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Despite Bright Spots, A Disappointing Medal Haul for Team USA

25 Feb 2018 10:15 am
By Rachel Bachman 

PYEONGCHANG, South Korea--If the medal count were an Olympic event, the United States would finish these Winter Games off the podium.

Team USA's fourth-place finish in Pyeongchang, with 23 medals, was its lowest at a Winter Games since Nagano 1998, when it finished sixth with 13 medals. Norway's 39 medals set an Olympic record for the Winter Games.

Canada won 29 medals and Germany 31.

The U.S. medal total is down from 28 in Sochi four years ago, a drop of nearly 18%, and a nearly 38% drop from its all-time high of 37 at the 2010 Vancouver Games.

The question for the U.S. is, to borrow a phrase from Alabama football coach Nick Saban, How good do you want to be?

"We always want to do better," said Alan Ashley, the U.S. Olympic Committee's chief of sport performance. He said he would examine Norway's approach in the wake of the Games--and that he plans to meet with athletes and coaches across all sports to seek improvement. He also noted that dozens of American athletes finished in fourth to sixth place

"I'm actually probably more encouraged now than I've ever been," he said. "Because even though people can say, 'Well, you didn't hit your medal count, you didn't get to the right level,' look at the depth of our team."

The U.S. did have spectacular performances to celebrate. The women's hockey team claimed gold for the first time since 1998 in a shootout over Canada. The men's curling team, exuding dad-bod charm, won the sport's first American gold.

Snowboarders Chloe Kim and Shaun White showed their mastery of the halfpipe, where the U.S. won six medals. Nearly half of all U.S. medals came in freestyle skiing and snowboarding.

Americans showed their range, winning events in 11 of 15 sports--a record for any nation at the Winter Games, according to Olympic historian Bill Mallon. That included their first gold in cross-country skiing.

Yet in a few sports the U.S. once closely contested, Americans have atrophied.

U.S. speedskaters, once among the most decorated winter sports athletes, have won one medal in the past two Olympics, a bronze in the women's team pursuit in Pyeongchang. U.S. short-track speedskaters have won two, and just one in these Games.

The U.S. women's figure skaters finished 9th, 10th and 11th, their worst-ever showing at the Winter Olympics. Russian teenagers took gold and silver.

"I thought of today as my 'Dancing with the Stars' audition," American Mirai Nagasu said after, a summation widely decried for its seeming lack of ambition. She later said thinking about the show was a tactic to calm her nerves.

Mikaela Shiffrin, 22, won a gold and a silver, and Lindsey Vonn a bronze on a starry women's Alpine ski team. Yet with 33-year-old Vonn calling these her last Olympics, the team has little proven talent going forward besides Shiffrin. The U.S. men failed to win a medal for the first time since 1998.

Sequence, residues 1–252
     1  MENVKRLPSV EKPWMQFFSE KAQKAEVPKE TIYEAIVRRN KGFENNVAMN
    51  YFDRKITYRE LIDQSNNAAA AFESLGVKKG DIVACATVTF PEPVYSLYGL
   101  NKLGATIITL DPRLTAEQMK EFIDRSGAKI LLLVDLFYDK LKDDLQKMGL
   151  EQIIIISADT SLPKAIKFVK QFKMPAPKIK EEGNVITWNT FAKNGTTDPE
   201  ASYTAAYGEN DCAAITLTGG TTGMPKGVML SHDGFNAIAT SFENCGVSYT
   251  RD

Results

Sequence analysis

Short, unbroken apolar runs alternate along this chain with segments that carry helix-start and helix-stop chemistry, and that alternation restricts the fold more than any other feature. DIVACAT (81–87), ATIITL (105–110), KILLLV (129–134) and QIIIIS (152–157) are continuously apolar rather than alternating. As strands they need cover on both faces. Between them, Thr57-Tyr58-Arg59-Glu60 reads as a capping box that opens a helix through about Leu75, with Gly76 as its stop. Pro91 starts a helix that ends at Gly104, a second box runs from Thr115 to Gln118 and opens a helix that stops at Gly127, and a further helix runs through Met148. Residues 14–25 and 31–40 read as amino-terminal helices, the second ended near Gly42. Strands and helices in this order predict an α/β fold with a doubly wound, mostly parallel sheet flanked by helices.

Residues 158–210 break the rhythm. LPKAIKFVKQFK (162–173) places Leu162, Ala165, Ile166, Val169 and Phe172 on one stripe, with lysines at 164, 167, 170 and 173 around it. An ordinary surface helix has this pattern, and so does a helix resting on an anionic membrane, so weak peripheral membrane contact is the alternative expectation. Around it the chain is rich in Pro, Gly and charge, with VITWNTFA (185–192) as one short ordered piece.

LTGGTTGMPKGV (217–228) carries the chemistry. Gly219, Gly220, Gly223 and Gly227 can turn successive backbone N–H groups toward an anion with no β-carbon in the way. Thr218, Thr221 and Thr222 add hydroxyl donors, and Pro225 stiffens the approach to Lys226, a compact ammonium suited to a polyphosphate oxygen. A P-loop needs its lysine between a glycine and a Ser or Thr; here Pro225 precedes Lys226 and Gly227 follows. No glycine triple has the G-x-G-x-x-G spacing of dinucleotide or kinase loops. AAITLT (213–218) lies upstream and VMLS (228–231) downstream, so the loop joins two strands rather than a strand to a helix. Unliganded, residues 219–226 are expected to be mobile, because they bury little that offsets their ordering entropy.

"Medals, they're not necessarily what the Olympics are all about," Vonn said. "The Olympics are a unifying event, one that has profound impact on the entire world."

The nations that finished ahead of the U.S. in Pyeongchang all made radical changes in the wake of subpar performances at previous Winter Games.

Norway formed Olympiatoppen, its sports-performance organization, after single-digit medal counts in 1984 and 1988. Its success is partly owed to a funding structure that provides more resources for poorer, less accomplished sports. Top-performers like cross-country skiing receive ample support in coaching and sports science.

At these Olympics, Norway won 16 more medals than the U.S.--with half the athletes.

Canada's Own the Podium sports-funding program was born of the embarrassment of hosting two Olympics without winning a gold medal. It yielded 14 golds at Vancouver 2010 and a record medal haul of 29 in Pyeongchang.

The Wall Street Journal's medal prediction of 36 wound up being unrealistic for the U.S., but not ambitious enough for Norway, which eclipsed our 36-medal projection.

To be sure, some nations benefited from the absence of a number of top athletes from Russia, who were banned from the Games for doping sanctions. The team competing under under penalty as neutral Olympic Athletes from Russia finished with 17 medals.

Team USA has four years and another long trip to Asia--Beijing 2022--to plan its Winter Games response.

Louise Radnofsky and Sara Germano contributed to this article.

Sign up to receive our Olympics Briefing. Reporting live from the Winter Games in Pyeongchang, South Korea. Get the smartest insights delivered to your inbox.

Write to Rachel Bachman at rachel.bachman@wsj.com
 

(END) Dow Jones Newswires

February 25, 2018 05:15 ET (10:15 GMT)

Copyright (c) 2018 Dow Jones & Company, Inc.
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